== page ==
"Depression is the inability to construct a future"
- Rollo May, Humanistic Psychologist
Sometimes, mostly in the mornings, I want to rush up to people and yell at them. For them to go on and act as if the world is not ending right around them is maddening. It’s as if I’m the only one who deigns to acknowledge the presence of the void that threatens to swallow us all up, but am forced to stupidly ignore its presence, because to point out the obviousness of the coming destruction would be to introduce “the dark” and the unknown and untold effects of its destruction.
Once I realize the extent of my revolution and the reach that I don’t have it is only the inevitable that I await. The numbness that arrests my mind and the smile that I arrest onto my face, like a mask of emotion to ward off the questions of concern that will introduce what I very much want but cannot have. Solace. In the end, I sit and listen for the doom. And then I awake to a new day and a new life and I want to yell at people all over again.
It had been a particularly cold winter. The white frost blanketed the ground, killing everything that lived, as if Death himself laid down his tattered cloak over the land. I soon forgot what warmth was. The feeling itself frozen and shattered from my memory. There was only the cold left to keep us poor folk warm.
It was during that desolate winter that I had the pleasure of meeting Joe, a stoic man who had come from farther up North, seeking a warmth his body didn’t feel and his mind couldn’t remember. When I saw the crystal clear blue of his eyes, I remember thinking that the cold was in him, in those eyes, and he would never escape from it. But I was sillier back then.
I was young. A girl alone in the world, left to my own devices on a neglected and deserted ranch. Or at least what was left of it. I sometimes thought to myself I was Jonah, and the dilapidated house around me the dying carcass of that biblical whale. The “farmhouse” I lived in had been falling down around me for the better part of my stay, and showed no signs of slowing. I had found it like this and it had stayed like this, as broken and empty as I was.
Most people kept their distance, as I was seen as undesirable. Whether I thought myself worthy of such a distinction or not I did not care. I only cared that they thought I was worthy of distance. Peace of mind was something rarely afforded to most in this world, and as long as I was an unnamed presence meant to be quarantined from the normal folk I was afforded that peace of mind.
Until Joe. We met in the cold and it was the cold that sustained us until the frost became too bitter. He had been sleeping in “my” barn, or at least what was left of it. I rarely ventured out of the main house, as it was there I felt the most safe. I sometimes looked out at it from the kitchen window, mostly in passing, to check if it was still there, giving it’s sorry condition.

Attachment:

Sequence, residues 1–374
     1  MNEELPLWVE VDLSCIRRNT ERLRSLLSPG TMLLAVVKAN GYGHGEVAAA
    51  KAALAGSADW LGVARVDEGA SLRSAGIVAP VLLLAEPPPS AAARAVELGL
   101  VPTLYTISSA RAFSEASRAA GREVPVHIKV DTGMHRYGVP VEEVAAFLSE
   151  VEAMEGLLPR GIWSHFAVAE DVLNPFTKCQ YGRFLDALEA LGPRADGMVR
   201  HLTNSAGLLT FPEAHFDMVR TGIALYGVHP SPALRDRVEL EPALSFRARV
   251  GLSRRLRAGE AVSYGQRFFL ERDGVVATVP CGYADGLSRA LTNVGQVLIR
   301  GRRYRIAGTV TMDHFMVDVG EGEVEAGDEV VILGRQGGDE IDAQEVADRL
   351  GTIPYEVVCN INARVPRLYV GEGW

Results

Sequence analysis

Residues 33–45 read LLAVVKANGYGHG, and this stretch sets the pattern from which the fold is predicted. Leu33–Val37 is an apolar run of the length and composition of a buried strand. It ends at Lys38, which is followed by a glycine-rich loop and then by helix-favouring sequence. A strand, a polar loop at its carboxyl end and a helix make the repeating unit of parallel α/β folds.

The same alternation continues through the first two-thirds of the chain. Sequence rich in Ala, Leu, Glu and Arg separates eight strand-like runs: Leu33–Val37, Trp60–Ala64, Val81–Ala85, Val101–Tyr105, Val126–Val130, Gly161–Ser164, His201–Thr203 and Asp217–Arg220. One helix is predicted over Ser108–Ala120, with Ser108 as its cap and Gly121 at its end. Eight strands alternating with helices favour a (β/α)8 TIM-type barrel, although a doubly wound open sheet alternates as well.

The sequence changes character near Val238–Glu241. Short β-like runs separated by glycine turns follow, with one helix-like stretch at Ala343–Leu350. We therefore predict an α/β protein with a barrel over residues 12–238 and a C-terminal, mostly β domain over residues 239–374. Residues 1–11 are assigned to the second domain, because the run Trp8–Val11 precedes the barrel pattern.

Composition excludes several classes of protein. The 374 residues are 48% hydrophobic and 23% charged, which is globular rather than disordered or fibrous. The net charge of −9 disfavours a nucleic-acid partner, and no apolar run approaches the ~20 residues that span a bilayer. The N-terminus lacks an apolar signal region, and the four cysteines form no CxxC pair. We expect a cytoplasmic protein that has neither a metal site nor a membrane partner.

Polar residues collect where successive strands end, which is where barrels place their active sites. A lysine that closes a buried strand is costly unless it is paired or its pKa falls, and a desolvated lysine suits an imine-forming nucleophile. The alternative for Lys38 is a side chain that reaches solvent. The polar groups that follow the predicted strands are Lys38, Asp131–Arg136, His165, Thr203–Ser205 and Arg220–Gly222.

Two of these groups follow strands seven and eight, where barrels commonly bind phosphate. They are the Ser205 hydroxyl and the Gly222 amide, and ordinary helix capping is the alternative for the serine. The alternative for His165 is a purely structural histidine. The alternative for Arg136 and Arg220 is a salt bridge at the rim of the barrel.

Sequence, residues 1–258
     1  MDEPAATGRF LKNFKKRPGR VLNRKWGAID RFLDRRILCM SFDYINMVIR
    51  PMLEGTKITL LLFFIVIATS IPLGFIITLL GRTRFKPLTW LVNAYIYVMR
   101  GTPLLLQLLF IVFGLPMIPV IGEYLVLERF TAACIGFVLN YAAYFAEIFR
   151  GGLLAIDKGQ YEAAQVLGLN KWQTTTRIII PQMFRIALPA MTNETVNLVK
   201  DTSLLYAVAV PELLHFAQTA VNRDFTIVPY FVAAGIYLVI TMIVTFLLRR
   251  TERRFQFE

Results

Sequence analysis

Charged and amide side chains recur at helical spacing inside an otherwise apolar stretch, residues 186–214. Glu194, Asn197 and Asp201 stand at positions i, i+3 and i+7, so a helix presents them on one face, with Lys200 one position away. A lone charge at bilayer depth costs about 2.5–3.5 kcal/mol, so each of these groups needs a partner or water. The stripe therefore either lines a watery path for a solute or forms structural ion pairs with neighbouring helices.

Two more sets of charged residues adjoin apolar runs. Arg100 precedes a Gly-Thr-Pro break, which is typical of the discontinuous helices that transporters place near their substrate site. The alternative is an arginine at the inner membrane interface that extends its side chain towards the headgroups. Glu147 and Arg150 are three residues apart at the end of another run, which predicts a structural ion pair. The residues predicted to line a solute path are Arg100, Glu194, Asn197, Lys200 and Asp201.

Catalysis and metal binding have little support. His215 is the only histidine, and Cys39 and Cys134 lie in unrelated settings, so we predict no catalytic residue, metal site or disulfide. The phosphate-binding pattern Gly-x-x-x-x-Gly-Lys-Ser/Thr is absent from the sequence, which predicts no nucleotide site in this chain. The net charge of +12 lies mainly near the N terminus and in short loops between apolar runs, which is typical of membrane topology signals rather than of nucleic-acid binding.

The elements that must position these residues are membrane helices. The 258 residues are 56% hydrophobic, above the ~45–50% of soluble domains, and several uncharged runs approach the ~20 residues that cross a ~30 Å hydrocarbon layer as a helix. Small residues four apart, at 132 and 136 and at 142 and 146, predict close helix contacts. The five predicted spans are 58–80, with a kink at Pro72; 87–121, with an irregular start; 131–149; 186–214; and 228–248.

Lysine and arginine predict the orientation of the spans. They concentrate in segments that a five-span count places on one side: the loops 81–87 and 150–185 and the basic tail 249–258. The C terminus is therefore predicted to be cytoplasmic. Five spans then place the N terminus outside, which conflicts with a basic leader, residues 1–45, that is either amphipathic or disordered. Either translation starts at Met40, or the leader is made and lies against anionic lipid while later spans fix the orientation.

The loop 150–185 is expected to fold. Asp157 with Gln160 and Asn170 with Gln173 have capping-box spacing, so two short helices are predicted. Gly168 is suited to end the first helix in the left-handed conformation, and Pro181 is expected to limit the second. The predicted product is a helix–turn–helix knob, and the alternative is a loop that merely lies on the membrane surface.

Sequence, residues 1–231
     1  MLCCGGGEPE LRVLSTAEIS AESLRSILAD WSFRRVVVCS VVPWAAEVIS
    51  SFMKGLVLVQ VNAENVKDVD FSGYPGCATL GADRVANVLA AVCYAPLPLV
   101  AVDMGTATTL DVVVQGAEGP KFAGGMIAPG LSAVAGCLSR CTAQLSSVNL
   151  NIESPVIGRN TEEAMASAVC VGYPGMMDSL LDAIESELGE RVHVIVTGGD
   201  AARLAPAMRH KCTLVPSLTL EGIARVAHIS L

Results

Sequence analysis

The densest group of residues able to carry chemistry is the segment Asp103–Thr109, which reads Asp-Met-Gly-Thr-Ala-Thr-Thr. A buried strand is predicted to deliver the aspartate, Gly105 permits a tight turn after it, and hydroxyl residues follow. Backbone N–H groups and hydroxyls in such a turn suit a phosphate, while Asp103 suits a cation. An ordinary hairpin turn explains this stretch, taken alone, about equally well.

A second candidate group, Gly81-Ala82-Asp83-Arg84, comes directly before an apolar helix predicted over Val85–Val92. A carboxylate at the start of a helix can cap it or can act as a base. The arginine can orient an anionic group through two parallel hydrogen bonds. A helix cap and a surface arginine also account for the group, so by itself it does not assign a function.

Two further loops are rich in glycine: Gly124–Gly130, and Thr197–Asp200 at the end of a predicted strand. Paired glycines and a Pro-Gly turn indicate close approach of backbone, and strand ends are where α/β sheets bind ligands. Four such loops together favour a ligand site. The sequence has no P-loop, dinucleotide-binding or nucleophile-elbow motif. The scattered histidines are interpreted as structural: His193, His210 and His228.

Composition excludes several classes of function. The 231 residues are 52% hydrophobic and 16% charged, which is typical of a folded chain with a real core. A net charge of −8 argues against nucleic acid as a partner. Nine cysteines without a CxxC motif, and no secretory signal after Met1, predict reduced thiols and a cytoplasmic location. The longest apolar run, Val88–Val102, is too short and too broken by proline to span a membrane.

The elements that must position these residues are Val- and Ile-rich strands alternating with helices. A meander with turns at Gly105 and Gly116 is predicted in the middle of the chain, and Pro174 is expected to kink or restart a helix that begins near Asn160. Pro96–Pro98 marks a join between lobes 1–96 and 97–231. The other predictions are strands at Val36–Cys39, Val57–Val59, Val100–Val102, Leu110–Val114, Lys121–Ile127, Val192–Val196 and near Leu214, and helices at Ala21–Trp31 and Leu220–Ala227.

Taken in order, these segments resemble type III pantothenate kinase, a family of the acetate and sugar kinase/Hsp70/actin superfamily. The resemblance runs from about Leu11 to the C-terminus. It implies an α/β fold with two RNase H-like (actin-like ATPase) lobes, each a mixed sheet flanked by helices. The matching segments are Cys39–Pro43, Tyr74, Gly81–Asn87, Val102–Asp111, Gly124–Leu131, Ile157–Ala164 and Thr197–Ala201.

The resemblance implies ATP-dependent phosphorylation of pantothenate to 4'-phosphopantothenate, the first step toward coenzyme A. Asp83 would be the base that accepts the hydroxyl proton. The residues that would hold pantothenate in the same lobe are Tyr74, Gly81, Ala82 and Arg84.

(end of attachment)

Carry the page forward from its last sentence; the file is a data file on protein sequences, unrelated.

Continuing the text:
I watched through a spiderweb of cracked and stained glass as he went to and from the barn. I didn’t know where he went, but around dusk he would always stumble back to the shelter that the barn provided.
I had been alone for so long by then that his presence wasn’t easily articulated into clear feelings one way or the other. I knew he might be dangerous, but I also knew he was like me. A connection flowed from that kitchen window to the door of that barn. We were both a body without a soul. A life wasted, created in misery, and destined to die with a whimper not a bang. So I decided to speak to him, the first person in a long time I felt connected to on any kind of level worth a damn.
How he had been surviving in the barn for this long with it’s missing shingles and barely patched south wall, which had been through absolute hell during tornado season two years past, was a mystery to me. Everyday had found the weather turning colder as if the ranch was turning solid, and the barn wasn’t much protection. I didn’t know how to approach him without scaring him, as I had come to think of him as a solitary fellow, never having seen anyone in his company while he stayed on the ranch.
So I knocked. My knuckles meeting the frayed once-red, now pink, wood that covered the brown oak that made up the barn. The sound of my knocks were small, my shivering not only a result of the winter wind, but nevertheless he heard. Joe had been a man slow to talk when we first met, but he opened up as our talks grew.
It was around then that I began to realize his eyes were more the blue of the ocean water that I had sometimes dreamed about than frozen ice. We talked of many things, and when I told him of how I felt like Jonah, his laugh brought back something in me, and I laughed along with him. It was the shared laughs more than anything that kept me coming back to that barn for so long.
He introduced a warmth that didn’t stretch very far but radiated with an unparalleled intensity between the two of us. We spent a month together on that cold farm, keeping the frost at bay. Eating when we could, sleeping, and most importantly living.
He and his watery eyes eventually moved on. But those days I kept with me for a very long time. I can still remember the bitter cold in my old bones, but I also remember the warmth that Joe and I rediscovered, that had been lost to us in the frigid world, until it to was killed off by the frost.
— Nobel laureate F. A. Hayek
The poetry tall girls without dates write
words transformed and splashed in mixes of black and white
Elasticity of geometry stretched to its limits
form no function; Capucci taught me it’s
not about the pleasing
not about the seasons
but all about the treason
of following a world within your reason
Territory uncharted; overgrowned thick with vines
grapple with its thorns can still lose ones mind
Brush painted crimson by the trickling red
Robes coasting the floor, stained with tears shed.